Group Home Setting
For information about group home arrangements in Massachusetts, which are typically funded privately or by the Department of Developmental Services or the Department of Mental Health, please contact:
Director of Residential Services
978.353.3480 Ext. 1205
Group Home Setting
Small group homes are an ideal setting for people who depend to some degree on others for company and companionship, and assistance in most aspects of life. Situated in good neighborhoods throughout the north central Worcester area, they provide fully staffed round the clock supports to three or four individuals. Residents have their own private bedrooms that they decorate as they wish with personal belongings, family photos, and memorabilia such as coffee mugs from Red Sox games, high school graduation pendants, and prizes won at Eastern State Exposition visits. People build their weekly schedules around the activities of daily living they need to accomplish, work or day program, plans for leisure activities, grocery shopping, outings with others, family visits and appointments. People form relationships with their staff who accompany them, and serves as liaisons with community-based health care providers, pharmacies, the local post office and dry cleaners, clubs and organizations such as Weight Watchers and the local gym or YMCA, and religious affiliations. Residents annually construct their Individual Service Plans (ISPs) to spell out what areas of skill development they wish to focus on, and what parts of their lives they hope to change over the course of the next twelve months.
Typically they may elect to broaden their leisure and recreational pursuits, meet new people and form new friendships, or work on personal health and wellness goals. Behavioral treatment plans help people target areas that may be barriers to participation in the community or to growth accomplishment in particular skill areas. People are assisted in keeping track of their progress by self-monitoring or counting on the observations of residential staff who take daily notes about targeted areas.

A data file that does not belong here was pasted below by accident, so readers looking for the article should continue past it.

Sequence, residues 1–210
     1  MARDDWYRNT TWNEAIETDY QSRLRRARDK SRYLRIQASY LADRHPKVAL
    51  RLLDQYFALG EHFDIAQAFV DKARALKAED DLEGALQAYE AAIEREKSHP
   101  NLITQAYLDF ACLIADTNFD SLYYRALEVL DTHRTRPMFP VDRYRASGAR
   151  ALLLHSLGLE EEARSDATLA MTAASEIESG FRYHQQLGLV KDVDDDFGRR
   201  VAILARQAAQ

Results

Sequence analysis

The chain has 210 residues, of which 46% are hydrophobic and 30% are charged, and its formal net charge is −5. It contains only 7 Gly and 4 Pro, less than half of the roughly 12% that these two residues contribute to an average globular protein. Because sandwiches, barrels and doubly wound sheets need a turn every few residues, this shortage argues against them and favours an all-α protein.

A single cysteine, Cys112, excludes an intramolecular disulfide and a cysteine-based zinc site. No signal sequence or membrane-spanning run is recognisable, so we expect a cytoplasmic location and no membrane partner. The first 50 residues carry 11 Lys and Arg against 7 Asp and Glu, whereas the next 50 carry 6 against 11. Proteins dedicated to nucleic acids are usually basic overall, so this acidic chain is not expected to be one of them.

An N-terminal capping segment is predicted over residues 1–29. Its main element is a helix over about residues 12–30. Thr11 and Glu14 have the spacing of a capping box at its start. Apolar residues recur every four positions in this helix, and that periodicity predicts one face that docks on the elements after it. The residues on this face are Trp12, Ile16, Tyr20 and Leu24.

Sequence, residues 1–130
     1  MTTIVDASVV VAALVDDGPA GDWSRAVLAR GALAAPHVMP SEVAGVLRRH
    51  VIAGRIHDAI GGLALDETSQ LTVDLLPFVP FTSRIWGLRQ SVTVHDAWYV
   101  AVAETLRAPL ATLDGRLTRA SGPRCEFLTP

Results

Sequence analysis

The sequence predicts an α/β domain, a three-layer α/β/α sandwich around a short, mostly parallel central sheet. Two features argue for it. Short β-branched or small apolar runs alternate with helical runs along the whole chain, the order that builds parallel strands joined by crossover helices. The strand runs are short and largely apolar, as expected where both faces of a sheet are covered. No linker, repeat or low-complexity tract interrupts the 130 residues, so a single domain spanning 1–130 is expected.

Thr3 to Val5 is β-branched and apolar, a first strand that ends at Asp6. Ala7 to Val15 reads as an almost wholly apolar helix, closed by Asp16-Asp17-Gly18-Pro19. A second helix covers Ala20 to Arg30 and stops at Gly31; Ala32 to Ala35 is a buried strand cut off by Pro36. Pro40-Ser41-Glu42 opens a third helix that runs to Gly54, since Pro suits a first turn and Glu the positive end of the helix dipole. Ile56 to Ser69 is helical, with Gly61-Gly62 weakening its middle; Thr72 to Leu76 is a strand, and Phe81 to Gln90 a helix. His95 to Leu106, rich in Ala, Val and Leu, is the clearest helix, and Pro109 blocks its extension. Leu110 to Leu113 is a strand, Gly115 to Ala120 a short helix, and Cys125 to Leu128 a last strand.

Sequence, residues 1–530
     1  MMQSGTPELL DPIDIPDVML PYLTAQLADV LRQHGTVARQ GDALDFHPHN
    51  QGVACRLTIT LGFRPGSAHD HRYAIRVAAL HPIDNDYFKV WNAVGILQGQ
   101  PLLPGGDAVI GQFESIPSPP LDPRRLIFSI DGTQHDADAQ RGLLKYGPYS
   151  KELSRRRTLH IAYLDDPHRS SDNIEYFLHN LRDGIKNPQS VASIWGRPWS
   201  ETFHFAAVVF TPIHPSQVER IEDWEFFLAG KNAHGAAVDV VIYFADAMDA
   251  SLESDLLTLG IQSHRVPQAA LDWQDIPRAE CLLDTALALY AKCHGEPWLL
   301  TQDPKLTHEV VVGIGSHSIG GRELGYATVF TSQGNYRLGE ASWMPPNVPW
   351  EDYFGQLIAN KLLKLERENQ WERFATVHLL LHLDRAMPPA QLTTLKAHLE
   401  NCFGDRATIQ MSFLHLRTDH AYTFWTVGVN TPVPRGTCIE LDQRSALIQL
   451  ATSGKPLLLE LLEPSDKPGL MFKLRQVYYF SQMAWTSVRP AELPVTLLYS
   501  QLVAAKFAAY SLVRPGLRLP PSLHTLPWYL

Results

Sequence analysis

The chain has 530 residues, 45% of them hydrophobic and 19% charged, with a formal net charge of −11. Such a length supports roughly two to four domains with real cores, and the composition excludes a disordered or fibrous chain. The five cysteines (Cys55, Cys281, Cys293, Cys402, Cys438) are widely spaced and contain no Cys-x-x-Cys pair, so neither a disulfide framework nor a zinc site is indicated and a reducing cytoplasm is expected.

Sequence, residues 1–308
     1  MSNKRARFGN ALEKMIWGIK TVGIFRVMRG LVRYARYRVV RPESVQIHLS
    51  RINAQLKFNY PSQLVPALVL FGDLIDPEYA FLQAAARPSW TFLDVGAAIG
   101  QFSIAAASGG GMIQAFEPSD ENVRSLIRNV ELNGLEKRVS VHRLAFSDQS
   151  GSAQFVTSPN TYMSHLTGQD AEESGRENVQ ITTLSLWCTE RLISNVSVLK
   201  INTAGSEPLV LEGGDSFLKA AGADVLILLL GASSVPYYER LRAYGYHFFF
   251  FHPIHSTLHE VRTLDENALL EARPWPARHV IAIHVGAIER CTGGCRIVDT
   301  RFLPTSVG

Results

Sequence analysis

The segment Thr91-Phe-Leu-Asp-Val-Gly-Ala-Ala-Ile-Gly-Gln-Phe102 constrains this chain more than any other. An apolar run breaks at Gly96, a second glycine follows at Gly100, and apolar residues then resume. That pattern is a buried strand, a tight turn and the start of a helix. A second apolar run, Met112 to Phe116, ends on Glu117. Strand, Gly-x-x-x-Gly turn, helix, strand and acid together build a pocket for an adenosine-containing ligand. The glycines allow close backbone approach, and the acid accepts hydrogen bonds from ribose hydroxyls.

- Safety and support in an environment that seeks to help people maximize their independence and autonomy;
- Personal control of daily schedules and activities based on people’s interests and preferences;
- Ongoing skill development that permits people to consider moving to increasingly more independent living arrangements;
- Personal satisfaction and happiness achieved in part from rewarding social connections;
- Participation in a community of like-minded people at home and in activities in one’s neighborhood;
- Connection and communication with one’s family and old friends;
- Opportunities for personal growth and the experience of self-confidence;
- The formation of stable interpersonal attachments and, for many, the benefits of a having a “second family.”
“To all of you who work with and care about Drew, thank you a million times over for your dedication and commitment to helping him make his life purposeful and enjoyable. It takes a special heart to work with people with the kind of disabilities Drew has. I feel blessed that he is surrounded by so many angels ready to give of themselves from their ‘special hearts.’” -Drew’s sister, Louise